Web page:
It takes many, many drafts for my happiness meter to go up. My first draft is a thin, uninspired plot. Then I add the muscles, tendons, and ligaments to that skeleton. With each draft, I fall more in love with my hero and want to befriend my heroine.
The magic comes after I’m happy with the plot and get sick of my characters. That’s when I can look at the dialogue and the plot with clear eyes. Once I rip those ‘rose-colored glasses’ off, I can see everything without bias.
I’m there in my current book. That’s when I need to force myself to go through the book again. It takes a lot of energy to make it through, but, to me, this is the most valuable draft, since I can find plot holes, stilted dialogue, and general weirdness that I may have overlooked during my love affair.
I urge you to write your horrible first draft and then add to that bony skeleton during the subsequent draft(s).
Perfection is not the goal when you write the first draft. Sonja
Today is International Lefthanders Day, so all you folks who don’t quite fit into the righthanded world can celebrate your oddity. (I am one of you!)
I was born left-handed and then trained to be right-handed. Subsequently, I am ambidextrous, which is very fun. I do things with my right hand (handwriting) and some things with my left hand (reaching). When I’m playing sports that require handedness, I start with my right and then go left when I get tired.
Are you a leftie or a rightie?
I’m glad I write with my right hand, which made for an easier schoolday experience. (I say easier because school was always a socially difficult place for me-scholastically, I did well.) I remember seeing lefties trying to use those desks with the half-table attached to the chair, and how difficult it was for them. Or they had to go sit at the weird left-handed desk, which marked them as ‘not normal’ (which is worse than being ignored).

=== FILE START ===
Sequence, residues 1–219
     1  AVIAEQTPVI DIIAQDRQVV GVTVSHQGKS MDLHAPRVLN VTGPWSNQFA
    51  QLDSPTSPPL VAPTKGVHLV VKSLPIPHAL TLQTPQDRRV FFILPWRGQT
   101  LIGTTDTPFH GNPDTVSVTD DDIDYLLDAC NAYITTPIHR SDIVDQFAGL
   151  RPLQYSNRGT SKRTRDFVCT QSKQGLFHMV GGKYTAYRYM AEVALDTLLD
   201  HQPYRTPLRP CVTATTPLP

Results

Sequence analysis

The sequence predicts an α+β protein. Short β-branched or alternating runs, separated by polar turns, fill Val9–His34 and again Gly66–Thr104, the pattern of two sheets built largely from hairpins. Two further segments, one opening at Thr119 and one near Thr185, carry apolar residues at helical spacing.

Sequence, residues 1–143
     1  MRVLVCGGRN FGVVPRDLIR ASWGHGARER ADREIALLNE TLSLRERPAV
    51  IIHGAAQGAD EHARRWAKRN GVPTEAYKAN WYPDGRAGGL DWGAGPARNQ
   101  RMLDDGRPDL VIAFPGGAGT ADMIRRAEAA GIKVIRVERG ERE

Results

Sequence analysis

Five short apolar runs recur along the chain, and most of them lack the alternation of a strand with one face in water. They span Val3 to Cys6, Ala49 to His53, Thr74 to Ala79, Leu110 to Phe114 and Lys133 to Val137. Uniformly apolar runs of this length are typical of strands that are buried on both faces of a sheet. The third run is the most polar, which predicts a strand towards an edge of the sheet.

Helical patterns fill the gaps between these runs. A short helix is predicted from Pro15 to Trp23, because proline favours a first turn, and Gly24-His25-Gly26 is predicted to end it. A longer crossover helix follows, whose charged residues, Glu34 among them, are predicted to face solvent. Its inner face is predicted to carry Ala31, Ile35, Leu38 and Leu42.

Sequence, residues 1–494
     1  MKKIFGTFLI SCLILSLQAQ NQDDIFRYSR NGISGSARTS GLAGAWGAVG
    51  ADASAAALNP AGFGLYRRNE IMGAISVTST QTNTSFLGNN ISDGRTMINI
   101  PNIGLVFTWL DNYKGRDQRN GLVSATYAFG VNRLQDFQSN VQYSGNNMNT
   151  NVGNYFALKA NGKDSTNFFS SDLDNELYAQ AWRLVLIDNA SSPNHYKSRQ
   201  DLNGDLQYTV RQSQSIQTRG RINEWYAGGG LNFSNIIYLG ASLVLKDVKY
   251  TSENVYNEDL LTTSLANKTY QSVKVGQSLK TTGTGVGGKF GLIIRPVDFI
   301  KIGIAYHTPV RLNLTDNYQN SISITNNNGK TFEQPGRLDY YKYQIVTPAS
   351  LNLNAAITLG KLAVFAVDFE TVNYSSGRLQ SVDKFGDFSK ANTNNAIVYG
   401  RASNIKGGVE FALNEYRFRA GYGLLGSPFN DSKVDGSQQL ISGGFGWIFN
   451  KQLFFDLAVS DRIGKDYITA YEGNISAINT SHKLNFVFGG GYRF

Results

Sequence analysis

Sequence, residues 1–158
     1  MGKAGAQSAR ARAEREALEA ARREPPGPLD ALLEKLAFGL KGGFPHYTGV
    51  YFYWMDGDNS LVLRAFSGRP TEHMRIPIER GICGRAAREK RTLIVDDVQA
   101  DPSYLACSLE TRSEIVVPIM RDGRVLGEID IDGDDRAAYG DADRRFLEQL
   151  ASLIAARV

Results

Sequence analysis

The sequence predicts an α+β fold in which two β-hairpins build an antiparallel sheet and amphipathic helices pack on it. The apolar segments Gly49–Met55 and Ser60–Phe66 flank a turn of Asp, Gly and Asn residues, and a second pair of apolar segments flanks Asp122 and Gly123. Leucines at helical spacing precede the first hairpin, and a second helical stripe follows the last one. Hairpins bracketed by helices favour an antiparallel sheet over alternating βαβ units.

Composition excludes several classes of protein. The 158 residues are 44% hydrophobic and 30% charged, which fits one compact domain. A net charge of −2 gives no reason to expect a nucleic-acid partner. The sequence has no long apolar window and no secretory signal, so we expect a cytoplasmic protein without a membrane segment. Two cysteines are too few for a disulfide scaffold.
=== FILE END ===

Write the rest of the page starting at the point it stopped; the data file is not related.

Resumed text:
Yes, I am glad I was made to write with my right hand.
But you need to be careful about your source. Are there footnotes? Sources? Corroboration?
There is a lot of false information out there. You need to be careful with your research.
I was recently researching a location for a book and found a lot of conflicting information. Granted, it is a historical site and I was looked for the minutiae, but, still, it was frustrating. The thing was, the sites were the information came from were all vetted sites and operated by trustworthy sources.
Although several of the sites supported each other, I’m not sure if they’re correct. It’s frustrating, isn’t it? It’s so tempting to take the one that matches what you need and use it, but it may be dramatically incorrect.
What do you do?
I will likely modify things to suit my story and put in a disclaimer that I did this. I’ll write that I couldn’t find good corroboration in my research and to not take my information as fact. I certainly don’t want it used as a source. I pride myself on the accuracy of my research.